was evolved from Wolf. We are not talking about animals, of course, but
the smallest cars from Volkswagen. Since Volkswagen added Lupo (means
wolf in Italian) as its entry-level mini car in 1998, its success was
limited. The Lupo was one of the smallest cars in Europe. It was built
in Wolfsburg, VW's headquarters in Germany, with impeccable quality.
But the problem is the market doesn't need such an expensive mini car.
Budget buyers chose the Korean cars, Japanese cars and Fiat instead,
leaving Lupo to be a niche player.
After 7 years, VW finally gave up. It switched to source from its
Brazilian arm, import a mini car back to Europe. This is Fox.
That's why Fox is not actually a car designed and built to European
standard. It was originally designed to satisfy Latin America buyers
(there are lots of them there, although we usually overlook). Not
exactly poorly built, but it falls short of the standard of other
Volkswagen group products. Compare to the Lupo, you can easily see its
interior plastics and trimming are cheap, while the dashboard styling
is workman-like. It brings you back to reality.
Nevertheless, the Brazilian-built Fox is cheaper than the Lupo yet
offers considerably more space. In fact, its body is a size up,
actually matches Polo. No, it is even taller than Polo by 80mm. This
enables an elevated seating as well as abundance of headroom.
Naturally, the rear seat is more accommodating than the
ultra-short-wheelbase Lupo. It is best suited to children, but adults
won't complain for short journey either. However, its rear seat space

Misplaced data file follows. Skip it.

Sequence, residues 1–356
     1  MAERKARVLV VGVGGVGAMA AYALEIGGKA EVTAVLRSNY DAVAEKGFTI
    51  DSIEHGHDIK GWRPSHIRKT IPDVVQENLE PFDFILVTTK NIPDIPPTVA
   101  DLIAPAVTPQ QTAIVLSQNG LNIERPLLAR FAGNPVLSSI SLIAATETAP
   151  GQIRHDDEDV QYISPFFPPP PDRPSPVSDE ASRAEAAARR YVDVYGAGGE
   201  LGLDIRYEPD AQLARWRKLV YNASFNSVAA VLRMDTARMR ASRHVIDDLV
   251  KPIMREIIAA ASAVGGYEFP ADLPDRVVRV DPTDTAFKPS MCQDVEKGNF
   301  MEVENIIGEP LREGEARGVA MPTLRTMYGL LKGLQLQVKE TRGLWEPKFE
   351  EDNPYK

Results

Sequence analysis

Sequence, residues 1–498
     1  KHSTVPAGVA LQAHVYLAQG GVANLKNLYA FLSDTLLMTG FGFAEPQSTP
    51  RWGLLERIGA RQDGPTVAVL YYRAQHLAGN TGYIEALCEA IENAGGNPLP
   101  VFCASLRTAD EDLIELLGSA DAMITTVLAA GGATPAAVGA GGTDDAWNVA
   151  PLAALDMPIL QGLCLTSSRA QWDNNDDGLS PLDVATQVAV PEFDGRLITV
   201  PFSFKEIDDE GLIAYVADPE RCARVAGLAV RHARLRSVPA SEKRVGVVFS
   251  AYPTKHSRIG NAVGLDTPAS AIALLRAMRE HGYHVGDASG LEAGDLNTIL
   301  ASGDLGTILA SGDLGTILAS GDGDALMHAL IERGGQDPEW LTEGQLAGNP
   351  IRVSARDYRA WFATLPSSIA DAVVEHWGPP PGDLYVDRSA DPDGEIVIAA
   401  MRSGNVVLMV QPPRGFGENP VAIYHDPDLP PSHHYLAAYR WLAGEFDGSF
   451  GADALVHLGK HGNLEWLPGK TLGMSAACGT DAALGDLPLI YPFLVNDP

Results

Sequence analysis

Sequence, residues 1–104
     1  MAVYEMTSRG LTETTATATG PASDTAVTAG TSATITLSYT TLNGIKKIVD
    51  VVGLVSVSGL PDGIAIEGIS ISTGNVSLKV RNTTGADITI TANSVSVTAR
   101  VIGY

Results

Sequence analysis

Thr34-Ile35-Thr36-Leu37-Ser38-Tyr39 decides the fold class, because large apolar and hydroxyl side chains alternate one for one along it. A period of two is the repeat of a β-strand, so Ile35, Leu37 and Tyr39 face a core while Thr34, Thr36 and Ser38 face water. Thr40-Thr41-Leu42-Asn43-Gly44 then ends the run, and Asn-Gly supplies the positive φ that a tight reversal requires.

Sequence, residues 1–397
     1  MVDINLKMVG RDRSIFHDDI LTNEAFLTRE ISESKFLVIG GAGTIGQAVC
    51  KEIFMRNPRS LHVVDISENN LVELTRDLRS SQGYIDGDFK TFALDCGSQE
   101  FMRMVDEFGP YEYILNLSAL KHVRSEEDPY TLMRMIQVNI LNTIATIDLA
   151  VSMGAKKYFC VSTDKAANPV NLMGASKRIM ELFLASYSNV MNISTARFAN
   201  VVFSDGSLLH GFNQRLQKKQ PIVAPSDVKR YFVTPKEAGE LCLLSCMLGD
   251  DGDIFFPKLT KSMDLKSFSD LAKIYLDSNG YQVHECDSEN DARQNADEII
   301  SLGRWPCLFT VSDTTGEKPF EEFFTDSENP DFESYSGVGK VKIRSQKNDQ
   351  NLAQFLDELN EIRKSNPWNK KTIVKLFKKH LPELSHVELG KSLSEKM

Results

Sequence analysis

is not as generous as Korea cars like Hyunda Getz, Kia Picanto and
contrast, luggage capacity is more generous. As the rear seat is
mounted on rails and can slide back and forth for 150 mm, cargo room
can vary from 260 to 350 litres. This expand to 1016 litres when the
rear seat folds down.
The Fox looks conservative from outside. Its chassis doesn't excite
either. The standard Volkswagen group layout - front MacPherson strut
and rear torsion-beam axle suspensions. The standard Volkswagen tuning
- good grip, predictable but understeer moderately when it rush into
corners. However, its suspensions are set quite soft and has long
travel - designed to deal with the poor roads in Latin America - thus
generate excessive body roll. Apparently, Fox is not designed for
The engines also lack sparkle. Fox employs a 1.2-litre 3-pot and
1.4-litre 4-pot petrol engine like Polo, but they are cheapened
versions. The 1.2 runs old-fashion 2 valves per cylinder and produces
only 54 horsepower. The 1.4 has lost FSI direct injection which found
in Polo, hence producing only 75 horsepower. Although both engines are
torquey, they don't have enough power for overtaking.
So, Wolf to Fox is a backward evolution. When quality and fun factors
no longer exist in a Volkswagen, why don't us simply buy an even
cheaper Korean car?